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College Student Guide
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In the 2000 presidential election, less than half of Americans aged 18-24 were registered to vote. Of that group, only 32 percent actually voted.

Every election season, analysts ponder how things might have been different if young people had bothered to vote. But this year may be different. With passions running so high, few analysts expect the youth vote to stay as flat as before.

If the massive new voter registration figures across the U.S. are any indication, the analysts are right. For example, from January through June of this year, the battleground state of Florida registered a whopping 204,000 new voters -- 129,000 Democrats and 75,000 Republicans.

Another key swing state, Nevada, has also seen a record increase in the numbers of new voters registering. Similar data is coming out of Michigan, Ohio and North Carolina.

With all this activism comes a renewed push for the youth vote. A series of high-profile concerts, the “Vote for Change” tour, is scheduled for battleground states like Florida and Ohio. Specifically intended to remove George W. Bush from the White House, the tours include artists such as Bruce Springsteen, R.E.M., and Pearl Jam.

In addition to MTV’s usual “Rock the Vote” registration campaign, rapper P. Diddy has embarked on a more partisan attempt to stimulate youth voter registration. Unlike MTV’s lip service about being nonpartisan, P. Diddy’s “Vote or Die” makes little attempt to disguise its anti-Bush leanings.

But the Bush camp has weighed in also, with a massive ad buy on MTV specifically designed to appeal to college-age voters.

Activists at local colleges are sensing opportunity as well, and they tell Connect Savannah that interest on campus is high, but there’s still a long way to go.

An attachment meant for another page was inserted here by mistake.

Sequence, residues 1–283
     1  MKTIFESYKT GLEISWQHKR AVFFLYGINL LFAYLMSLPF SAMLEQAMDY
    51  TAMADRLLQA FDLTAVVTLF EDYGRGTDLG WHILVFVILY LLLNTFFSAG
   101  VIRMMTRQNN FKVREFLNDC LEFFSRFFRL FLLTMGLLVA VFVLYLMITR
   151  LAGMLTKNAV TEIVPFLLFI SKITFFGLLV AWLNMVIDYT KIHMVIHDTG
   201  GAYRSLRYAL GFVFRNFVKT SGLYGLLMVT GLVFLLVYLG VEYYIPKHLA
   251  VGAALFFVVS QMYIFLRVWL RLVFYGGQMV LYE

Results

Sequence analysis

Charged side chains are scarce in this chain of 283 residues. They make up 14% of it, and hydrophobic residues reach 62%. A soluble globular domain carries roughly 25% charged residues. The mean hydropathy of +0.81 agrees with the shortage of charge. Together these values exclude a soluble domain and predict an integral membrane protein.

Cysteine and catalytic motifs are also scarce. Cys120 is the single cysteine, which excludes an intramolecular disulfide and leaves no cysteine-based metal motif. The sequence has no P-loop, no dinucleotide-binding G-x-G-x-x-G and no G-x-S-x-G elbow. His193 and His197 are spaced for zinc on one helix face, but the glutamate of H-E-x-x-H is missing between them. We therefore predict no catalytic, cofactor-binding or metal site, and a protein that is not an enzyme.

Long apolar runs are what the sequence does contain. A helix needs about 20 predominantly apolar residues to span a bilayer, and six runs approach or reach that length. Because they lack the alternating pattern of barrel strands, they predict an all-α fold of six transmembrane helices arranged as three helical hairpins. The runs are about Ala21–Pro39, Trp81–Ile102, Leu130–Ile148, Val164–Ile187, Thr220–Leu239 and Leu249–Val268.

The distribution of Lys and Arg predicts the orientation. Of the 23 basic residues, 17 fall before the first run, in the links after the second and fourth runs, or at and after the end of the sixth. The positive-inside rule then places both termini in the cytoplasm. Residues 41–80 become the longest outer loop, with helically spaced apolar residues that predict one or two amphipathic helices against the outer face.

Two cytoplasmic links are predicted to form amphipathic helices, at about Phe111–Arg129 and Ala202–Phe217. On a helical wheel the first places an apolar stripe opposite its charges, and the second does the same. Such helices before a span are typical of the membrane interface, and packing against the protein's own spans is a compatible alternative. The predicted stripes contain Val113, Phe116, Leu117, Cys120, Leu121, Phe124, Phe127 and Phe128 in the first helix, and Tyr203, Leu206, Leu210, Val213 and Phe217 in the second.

“We estimate that 20 percent of AASU students are registered -- at best,” says Jolene Burge, president of the AASU College Democrats.

“Our goal is to double that in the next five weeks. That means registering 1300 students before October 2,” she says.

Specifically, Burge says methods will include “voter registration booths in high traffic locations, such as the cafeteria and Shearouse Plaza, as well as booths in Gamble Hall to attract evening students.”

Burge says College Democrats will also be going door to door at Compass Point, the campus dorms. “Finally, we plan to ask as many professors as possible to give us three to five minutes of their class time to talk about the importance of registering and voting.”

AASU’s College Republicans are just as busy as their counterparts, says president Regina Kill.

“Every Tuesday from 2-5 p.m. we sell Chick-fil-A sandwiches in the cafeteria, and at the same time people can get registration forms and absentee ballots,” Kill says. “We also offer voter guides and information about local Republican candidates as well as George Bush.”